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Stratford Festival celebrates life of designer Desmond Heeley

As published in the Stratford Beacon Herald, Monday, November 7, 2016.

Celebrated Stratford Festival designer Desmond Heeley was remembered Sunday as a faithful friend, a patient teacher, an inspiring mentor and a true original.

And someone who could turn “dross into gold.”

“With pool noodles and scotch tape and plastic spoons and a glue gun, he could create worlds,” Festival artistic director Antoni Cimolino told the crowd gathered at the Festival Theatre for a celebration of Heeley’s life.

Up close, his work was often a crazy collection of everyday items, masterfully assembled, he noted.

But from the audience, with the proper lighting, “it was so much better than reality,” said Cimolino. “His designs were not only filled with artistry and beauty, but they were filled with poetry and metaphor.”

Born in Staffordshire, England in 1931, Heeley started out at the Shakespeare Memorial Theatre in Stratford-upon-Avon, and came to Stratford in 1957 to design Michael Langham’s production of Hamlet (with Christopher Plummer) at the newly constructed Festival Theatre.

He went on to design nearly 40 productions in Stratford, including Cyrano de Bergerac (1962), The Duchess of Malfi (1971), Amadeus (1995, 1996), Camelot (1997), London Assurance (2006) and finally The Importance of Being Earnest (2009).

He died in June at the age of 85.

Friends and colleagues, including Douglas Paraschuk, Molly Harris Campbell, Shawn Kerwin, Frank Holte, Paul Shaw, Barry McGregor and Martha Henry, remembered his warmth, his “heroic imagination” and the respect and kindness he showed to his fellow artists.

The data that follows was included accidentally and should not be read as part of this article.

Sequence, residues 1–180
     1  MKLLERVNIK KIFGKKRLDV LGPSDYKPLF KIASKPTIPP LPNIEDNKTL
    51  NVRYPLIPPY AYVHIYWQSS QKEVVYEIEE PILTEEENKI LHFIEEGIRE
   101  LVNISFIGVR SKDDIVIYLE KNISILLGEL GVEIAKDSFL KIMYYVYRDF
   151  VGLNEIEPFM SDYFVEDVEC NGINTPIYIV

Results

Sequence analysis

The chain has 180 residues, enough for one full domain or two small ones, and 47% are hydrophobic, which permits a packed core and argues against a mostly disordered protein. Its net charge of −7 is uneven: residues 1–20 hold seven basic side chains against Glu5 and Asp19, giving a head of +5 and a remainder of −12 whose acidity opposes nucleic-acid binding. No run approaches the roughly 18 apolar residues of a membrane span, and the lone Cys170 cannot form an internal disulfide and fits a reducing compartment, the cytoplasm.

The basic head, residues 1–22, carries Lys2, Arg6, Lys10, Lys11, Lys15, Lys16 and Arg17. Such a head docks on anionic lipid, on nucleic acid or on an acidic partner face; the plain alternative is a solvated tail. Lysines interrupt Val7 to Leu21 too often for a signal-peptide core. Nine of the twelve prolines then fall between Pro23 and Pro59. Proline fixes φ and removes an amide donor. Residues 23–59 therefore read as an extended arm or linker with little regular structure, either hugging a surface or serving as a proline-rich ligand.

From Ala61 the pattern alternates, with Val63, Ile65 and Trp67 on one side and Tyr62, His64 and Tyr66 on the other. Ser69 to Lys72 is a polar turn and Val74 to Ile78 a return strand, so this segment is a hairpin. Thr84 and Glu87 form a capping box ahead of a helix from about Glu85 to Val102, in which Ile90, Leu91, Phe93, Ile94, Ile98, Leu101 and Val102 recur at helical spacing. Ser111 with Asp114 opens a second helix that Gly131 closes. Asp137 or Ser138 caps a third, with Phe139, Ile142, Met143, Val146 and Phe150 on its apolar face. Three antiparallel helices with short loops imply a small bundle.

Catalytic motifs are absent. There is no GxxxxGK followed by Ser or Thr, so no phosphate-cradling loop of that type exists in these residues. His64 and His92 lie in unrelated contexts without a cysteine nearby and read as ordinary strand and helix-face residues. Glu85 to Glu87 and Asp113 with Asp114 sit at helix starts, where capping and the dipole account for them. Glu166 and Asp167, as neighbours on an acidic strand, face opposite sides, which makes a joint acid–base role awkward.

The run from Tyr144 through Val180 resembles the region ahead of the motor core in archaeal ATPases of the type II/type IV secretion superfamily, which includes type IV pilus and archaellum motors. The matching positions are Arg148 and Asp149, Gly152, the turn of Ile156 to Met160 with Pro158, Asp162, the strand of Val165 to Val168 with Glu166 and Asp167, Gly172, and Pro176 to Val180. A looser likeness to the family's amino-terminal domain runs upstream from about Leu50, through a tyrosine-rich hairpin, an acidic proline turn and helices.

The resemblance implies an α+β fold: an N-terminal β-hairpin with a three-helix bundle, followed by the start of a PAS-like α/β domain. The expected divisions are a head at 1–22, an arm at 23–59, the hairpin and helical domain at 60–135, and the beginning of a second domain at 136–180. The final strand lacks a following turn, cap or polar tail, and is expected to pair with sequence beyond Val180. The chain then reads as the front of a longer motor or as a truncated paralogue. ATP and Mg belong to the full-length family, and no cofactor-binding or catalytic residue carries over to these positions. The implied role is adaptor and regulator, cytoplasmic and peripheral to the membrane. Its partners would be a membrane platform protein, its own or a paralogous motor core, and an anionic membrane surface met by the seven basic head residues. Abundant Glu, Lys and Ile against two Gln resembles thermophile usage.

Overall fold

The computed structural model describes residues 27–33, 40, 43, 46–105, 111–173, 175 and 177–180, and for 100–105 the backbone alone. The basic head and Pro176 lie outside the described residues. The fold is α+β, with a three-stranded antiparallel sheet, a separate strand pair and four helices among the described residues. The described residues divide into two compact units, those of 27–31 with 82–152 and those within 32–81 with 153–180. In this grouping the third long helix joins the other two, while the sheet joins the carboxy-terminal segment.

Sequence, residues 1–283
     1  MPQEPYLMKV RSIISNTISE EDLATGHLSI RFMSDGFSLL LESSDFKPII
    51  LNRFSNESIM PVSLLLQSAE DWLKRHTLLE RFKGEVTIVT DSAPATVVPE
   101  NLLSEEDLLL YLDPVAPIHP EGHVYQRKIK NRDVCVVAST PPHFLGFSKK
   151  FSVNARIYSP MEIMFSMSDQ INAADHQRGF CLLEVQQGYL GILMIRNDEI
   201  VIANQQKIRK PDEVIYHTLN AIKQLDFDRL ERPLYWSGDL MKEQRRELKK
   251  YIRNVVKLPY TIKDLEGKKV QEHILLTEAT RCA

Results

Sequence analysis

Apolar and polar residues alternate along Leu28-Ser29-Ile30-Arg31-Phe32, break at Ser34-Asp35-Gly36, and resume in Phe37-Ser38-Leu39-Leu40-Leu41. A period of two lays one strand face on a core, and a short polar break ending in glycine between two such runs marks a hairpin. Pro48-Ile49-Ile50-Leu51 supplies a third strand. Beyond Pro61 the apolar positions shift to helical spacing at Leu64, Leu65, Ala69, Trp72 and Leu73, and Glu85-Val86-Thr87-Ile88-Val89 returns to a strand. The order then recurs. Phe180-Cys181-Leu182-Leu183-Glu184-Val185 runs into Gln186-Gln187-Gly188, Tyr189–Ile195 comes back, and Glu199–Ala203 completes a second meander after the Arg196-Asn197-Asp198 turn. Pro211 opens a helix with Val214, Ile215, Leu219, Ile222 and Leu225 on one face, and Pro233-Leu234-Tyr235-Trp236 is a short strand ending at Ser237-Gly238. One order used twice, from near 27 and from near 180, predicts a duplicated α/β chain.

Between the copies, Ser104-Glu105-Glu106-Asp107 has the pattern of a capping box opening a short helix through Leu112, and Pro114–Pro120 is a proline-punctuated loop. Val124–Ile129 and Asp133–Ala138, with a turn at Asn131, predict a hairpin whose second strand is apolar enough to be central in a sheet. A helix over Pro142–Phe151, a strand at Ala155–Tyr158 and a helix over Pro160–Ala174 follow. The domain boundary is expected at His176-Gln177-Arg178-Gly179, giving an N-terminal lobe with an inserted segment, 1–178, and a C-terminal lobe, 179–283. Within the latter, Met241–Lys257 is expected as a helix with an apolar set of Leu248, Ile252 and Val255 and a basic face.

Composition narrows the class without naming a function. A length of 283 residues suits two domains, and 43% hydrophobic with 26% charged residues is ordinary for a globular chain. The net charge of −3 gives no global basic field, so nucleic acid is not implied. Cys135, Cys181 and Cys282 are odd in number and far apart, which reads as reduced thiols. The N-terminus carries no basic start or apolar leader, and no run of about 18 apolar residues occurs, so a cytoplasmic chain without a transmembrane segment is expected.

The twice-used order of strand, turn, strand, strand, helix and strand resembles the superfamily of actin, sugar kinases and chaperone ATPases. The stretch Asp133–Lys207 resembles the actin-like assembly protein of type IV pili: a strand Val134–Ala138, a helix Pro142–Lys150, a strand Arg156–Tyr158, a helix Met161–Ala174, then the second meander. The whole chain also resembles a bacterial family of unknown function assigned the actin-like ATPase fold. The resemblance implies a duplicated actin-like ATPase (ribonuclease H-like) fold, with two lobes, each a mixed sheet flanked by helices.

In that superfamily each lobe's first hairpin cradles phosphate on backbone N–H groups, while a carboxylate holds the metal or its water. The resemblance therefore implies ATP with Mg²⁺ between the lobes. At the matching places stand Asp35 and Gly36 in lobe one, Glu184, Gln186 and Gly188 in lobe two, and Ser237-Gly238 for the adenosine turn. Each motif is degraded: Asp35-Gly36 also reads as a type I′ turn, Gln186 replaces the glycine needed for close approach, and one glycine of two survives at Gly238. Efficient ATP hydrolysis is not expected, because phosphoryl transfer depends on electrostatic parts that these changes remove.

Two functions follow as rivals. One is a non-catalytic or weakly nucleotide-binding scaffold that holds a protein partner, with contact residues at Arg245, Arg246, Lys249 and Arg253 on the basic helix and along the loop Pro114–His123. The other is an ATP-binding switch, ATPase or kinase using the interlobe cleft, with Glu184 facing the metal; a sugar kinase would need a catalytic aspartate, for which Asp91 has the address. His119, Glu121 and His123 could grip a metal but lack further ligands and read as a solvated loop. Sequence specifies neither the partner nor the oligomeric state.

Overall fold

“His legacy, more than anything else will be about how he reached out and touched the people that he got to work with,” said Paraschuk, “and made the connection that made his incredible vision and the incredible scope of his ideas actually happen.”

While the Tony Award-winner worked at stages around the world, Stratford was a special place for him, he suggested.

“This was the place that was really, really at the core of who he became,” said Paraschuk. “The Stratford Festival nurtured who he became, and he never, ever forgot that.”

He may have been a legend here, but he was always humble and kind, noted Kerwin, who said that she, like many designers, learned a great deal at “Desmond school.”

That included, among other things, the importance of patience, the endless uses for masking tape, and “why champagne and strawberries sometimes just make a fitting more fun.”

“He taught so many of us, and with a generosity of spirit and with a heart that was huge,” said Kerwin.

One of the most important lessons was imparted, without a word, one time when Festival patrons were lined up in the pouring rain for tickets to The Mikado. Heeley walked into the theatre’s Green Room, and asked Kerwin to help pile a tray full of teacups. He then grabbed a large pot of tea, and proceeded outside to serve it up to the unsuspecting but grateful patrons.

She read a letter from fellow designer Susan Benson, who also remembered “his humility, his warmth, his need to pass on his knowledge to young designers,” and his work that reflected “a theatricality and a beauty that will never be forgotten.”

Sunday’s tribute included some theatricality of its own, with Tom McCamus and Cynthia Dale returning to sing Camelot on the same stage on which they performed it in 1997.

Frank Holte, the former head of props at the Festival, said Heeley’s designs showed a remarkable understanding of his colleagues’ work.

“He was a designer, but he was also a director, a lighting designer, a scene painter, a cutter and a prop guy,” he said. “He was all of these things put together.”

And Heeley had as much respect for the people in front of the curtain as he did for those behind it, “but I think, in the back of my head, he saw actors as a means of getting his costumes around the stage,” joked Holte.

He suggested that there are certain sounds and smells in the theatre that remind people of someone.

“When you hear this, you’ll remember Desmond. Scout’s honour,” he said, and with that, he took out a large roll of tape, and unspooled it loudly.

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